B. inquire into unique lawsuits for the deprivation of rights and safeguards of the SC

338-A – National Commission for Scheduled Tribes[4]

Prevention of Atrocities (Amendment) Act, 2015

Prevention of Atrocities (Amendment) Act, 2015 was introduced to ensure more stringent provisions to prevent SC and ST from atrocities.


New offences of cruelty were included in the Act. The Act does not attack Section 18 of the original Scheduled Castes and the Scheduled Tribes (Prevention of Atrocities) Act of 1989. This provision does not allow an accused person, who is alleged to have caused injury to and insulted a Dalit, to apply for anticipatory bail.

Subhash Kashinath Mahajan VS State of Maharashtra[5] -In this case, Petitioner Kashinath Mahajan moved the High Court to have the FIR dismissed, but the Bombay High Court refused it. After this, Mahajan challenged the High Court's decision in the top court. On this, the Apex court ordered the removal of the FIR against him and ordered immediate arrest under the SC / ST Act. Not only this, but the Supreme Court also approved anticipatory bail in such cases.

Prevention of Atrocities (Amendment) Act, 2018

Prevention of Atrocities (Amendment) Act, 2018 was introduced to restore the actual provision to protect ST and SC from atrocities against them. Making changes to the SC / ST Act, on 20 March 2018, the Supreme Court immediately stayed the arrest in the case. The Supreme Court, on receiving the complaint, ordered not to file the case immediately. The court said that the initial investigation will be done by the DSP level police officer in case of a complaint. The investigation should be done within seven days in any case. The Court did this so that after the initial investigation, the DSP could find out that it was not being implicated in some way by making false allegations. The court had acknowledged the misuse of this law on a large scale. The Court also said that Government employees' arrest can be made only after the competent authority's permission. The Court also gave them the right to apply for anticipatory bail.

Criticism on the Court's Decision

The Supreme Court's decision to change the SC / ST law was opposed across the country. The bandh was called by many organizations across the country on 1 April 2018. The place was set on fire, many people also lost their lives in this protest, Public property was set on fire. The organizations demanded that the amendment of the SC / ST Act 1989 be withdrawn and implemented as before.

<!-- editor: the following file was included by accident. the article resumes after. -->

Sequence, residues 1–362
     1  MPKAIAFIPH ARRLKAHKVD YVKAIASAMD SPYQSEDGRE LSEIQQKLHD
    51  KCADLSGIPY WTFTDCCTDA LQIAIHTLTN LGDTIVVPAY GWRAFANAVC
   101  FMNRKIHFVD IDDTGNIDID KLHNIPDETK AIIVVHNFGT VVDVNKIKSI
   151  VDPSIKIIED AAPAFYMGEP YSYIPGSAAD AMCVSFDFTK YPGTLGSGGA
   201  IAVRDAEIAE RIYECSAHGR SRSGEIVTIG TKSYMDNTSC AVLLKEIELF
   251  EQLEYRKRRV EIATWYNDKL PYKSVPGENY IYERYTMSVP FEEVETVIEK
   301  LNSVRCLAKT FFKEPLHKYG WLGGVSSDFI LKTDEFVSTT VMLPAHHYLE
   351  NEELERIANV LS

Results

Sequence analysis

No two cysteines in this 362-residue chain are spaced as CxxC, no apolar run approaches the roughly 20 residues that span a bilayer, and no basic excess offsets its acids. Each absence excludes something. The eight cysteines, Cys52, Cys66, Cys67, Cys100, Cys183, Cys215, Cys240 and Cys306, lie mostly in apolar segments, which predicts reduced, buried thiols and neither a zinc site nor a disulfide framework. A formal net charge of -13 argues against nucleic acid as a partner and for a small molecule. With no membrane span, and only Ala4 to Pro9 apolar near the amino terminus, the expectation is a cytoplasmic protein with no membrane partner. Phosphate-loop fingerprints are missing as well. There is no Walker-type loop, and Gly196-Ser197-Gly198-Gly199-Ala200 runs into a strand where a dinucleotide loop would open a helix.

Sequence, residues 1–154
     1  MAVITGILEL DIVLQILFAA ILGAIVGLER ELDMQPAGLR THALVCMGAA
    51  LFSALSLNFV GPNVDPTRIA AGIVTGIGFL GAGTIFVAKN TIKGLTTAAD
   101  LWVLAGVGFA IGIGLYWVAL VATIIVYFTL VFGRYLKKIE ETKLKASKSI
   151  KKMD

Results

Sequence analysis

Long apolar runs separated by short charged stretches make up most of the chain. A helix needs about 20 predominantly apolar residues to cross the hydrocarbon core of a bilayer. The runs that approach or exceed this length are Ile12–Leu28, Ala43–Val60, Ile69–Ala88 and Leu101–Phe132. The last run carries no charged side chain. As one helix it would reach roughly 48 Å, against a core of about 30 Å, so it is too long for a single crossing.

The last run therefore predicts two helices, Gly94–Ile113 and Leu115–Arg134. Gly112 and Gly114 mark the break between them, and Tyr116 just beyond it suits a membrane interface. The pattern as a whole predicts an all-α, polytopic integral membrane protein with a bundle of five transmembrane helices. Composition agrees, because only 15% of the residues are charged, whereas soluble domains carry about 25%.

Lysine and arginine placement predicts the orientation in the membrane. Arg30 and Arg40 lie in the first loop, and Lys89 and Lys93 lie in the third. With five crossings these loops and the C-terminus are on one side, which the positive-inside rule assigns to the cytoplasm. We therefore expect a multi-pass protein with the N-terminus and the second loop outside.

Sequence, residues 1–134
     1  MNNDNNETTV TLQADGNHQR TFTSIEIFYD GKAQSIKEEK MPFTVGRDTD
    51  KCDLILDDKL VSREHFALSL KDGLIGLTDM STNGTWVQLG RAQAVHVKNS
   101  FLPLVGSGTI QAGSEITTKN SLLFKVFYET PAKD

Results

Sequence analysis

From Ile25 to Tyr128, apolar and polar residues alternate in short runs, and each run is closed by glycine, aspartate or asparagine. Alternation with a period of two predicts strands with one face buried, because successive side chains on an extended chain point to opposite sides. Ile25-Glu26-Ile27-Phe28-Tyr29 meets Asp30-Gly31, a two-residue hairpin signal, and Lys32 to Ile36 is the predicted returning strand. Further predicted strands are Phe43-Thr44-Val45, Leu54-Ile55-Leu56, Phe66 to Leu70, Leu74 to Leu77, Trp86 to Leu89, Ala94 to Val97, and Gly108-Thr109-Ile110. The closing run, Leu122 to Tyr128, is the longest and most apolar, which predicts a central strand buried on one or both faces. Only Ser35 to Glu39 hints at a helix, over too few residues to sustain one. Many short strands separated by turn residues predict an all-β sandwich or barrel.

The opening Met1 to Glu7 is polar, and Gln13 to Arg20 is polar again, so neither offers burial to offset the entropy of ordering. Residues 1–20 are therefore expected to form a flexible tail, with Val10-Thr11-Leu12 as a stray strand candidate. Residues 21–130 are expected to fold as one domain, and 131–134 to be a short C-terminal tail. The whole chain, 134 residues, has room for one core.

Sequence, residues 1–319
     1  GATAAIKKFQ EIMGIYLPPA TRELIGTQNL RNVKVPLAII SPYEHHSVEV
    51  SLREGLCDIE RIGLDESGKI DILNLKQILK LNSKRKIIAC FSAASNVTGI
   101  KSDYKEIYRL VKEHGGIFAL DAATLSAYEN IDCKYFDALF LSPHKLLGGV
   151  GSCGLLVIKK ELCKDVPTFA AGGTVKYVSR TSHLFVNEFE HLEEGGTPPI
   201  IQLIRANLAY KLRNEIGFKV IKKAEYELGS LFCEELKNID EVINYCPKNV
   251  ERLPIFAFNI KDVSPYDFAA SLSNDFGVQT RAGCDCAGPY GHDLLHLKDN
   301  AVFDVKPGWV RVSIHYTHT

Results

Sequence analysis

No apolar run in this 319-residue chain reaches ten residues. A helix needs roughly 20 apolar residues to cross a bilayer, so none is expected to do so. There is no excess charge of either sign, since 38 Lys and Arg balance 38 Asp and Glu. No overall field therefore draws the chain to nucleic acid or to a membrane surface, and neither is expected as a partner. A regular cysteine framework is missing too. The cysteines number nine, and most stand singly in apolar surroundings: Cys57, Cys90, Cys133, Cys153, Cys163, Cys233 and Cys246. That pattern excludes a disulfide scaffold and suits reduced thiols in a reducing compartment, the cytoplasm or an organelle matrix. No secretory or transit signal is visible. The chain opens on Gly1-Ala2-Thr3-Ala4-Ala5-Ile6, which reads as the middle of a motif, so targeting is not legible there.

Views of the Government

The Central Government was under pressure after protests across the country. The Government had filed a review petition against this decision of the court. Several ministers in the government and members of coalition parties also opposed the decision. Under pressure, the government brought the first ordinance. Later, on behalf of the government, the SC / ST amendment bill was introduced in the monsoon session. Most opposition parties, including Congress, supported the bill. In the amended bill, the government had brought back the provision to register an FIR in such an offence.


The Government admitted that investigation is unnecessary before registering a case, and no permission has to be taken before the arrest. The provision of anticipatory bail also came to an end. On the plea of the BJP government, the Supreme Court changed its decision. The court overruled the need to seek permission before arresting a government employee and an ordinary citizen.


Remedies for offences against SC and ST

Some remedies are that have been discussed are[6]:

-Proper consultation with all stakeholders before bringing any amendment to the bill should be done.


- There should be a focus on implementation strategy and proper investigation, and speedy trial for the SC/ST community. This will help to build confidence among the weaker section people of society.


- Steps should be taken by giving adequate capacity building opportunities through employment, education, etc.


-The most crucial thing for ending discrimination and improving fraternity is a persistent societal action to change the entrenched caste rigidity. SC/ST. Prevention of Atrocities Act (POA act) as a tool in this endeavour rather than an end in itself.


-Measure should be taken to increase people's participation from the SC/ST community in decision making.


Conclusion

It is the need of the hour to review the implementation of the 1989 Act and to amend some of the provisions of the Act, which are favourable for the current social condition and about the atrocities committed against weaker section people. The practical implementation of this Act is essential for the diversified Indian society and the nation as a whole. Further, it is suggested that serious offences such as rapes and murder against the weaker sections be dealt with the National SC and ST awareness programmes help to educate the weaker section, people, about their entitlements through the POA Act.

____________

[1] Rao. s Someswara, Prevention of atrocities against scheduled castes and scheduled tribes implementation of the scheduled castes and scheduled tribes prevention of atrocities act 1989:a comprehensive study, available at http://shodhganga.inflibnet.ac.in:8080/jspui/handle/10603/39069

[2] http://shodhganga.inflibnet.ac.in:8080/jspui/handle/10603/39069 Explained: Everything you need to know about the SC/ST Atrocities Act

[3] Forum IAS, Amendment of SC/ST (Prevention of Atrocities)ACT, available at

https://blog.forumias.com/amendment-to-sc-st-prevention-of-atrocities-act/

[4] Forum IAS, Amendment of SC/ST (Prevention of Atrocities)ACT, available at

http://shodhganga.inflibnet.ac.in:8080/jspui/handle/10603/39069

[5] Sethu krishnan M, SC/ST Prevention of Atrocities Act – Recent Issues and Court Rulings, available at http://shodhganga.inflibnet.ac.in:8080/jspui/handle/10603/39069

[6] Forum IAS, Amendment of SC/ST (Prevention of Atrocities)ACT, available at

http://shodhganga.inflibnet.ac.in:8080/jspui/handle/10603/39069

Recent Posts

See All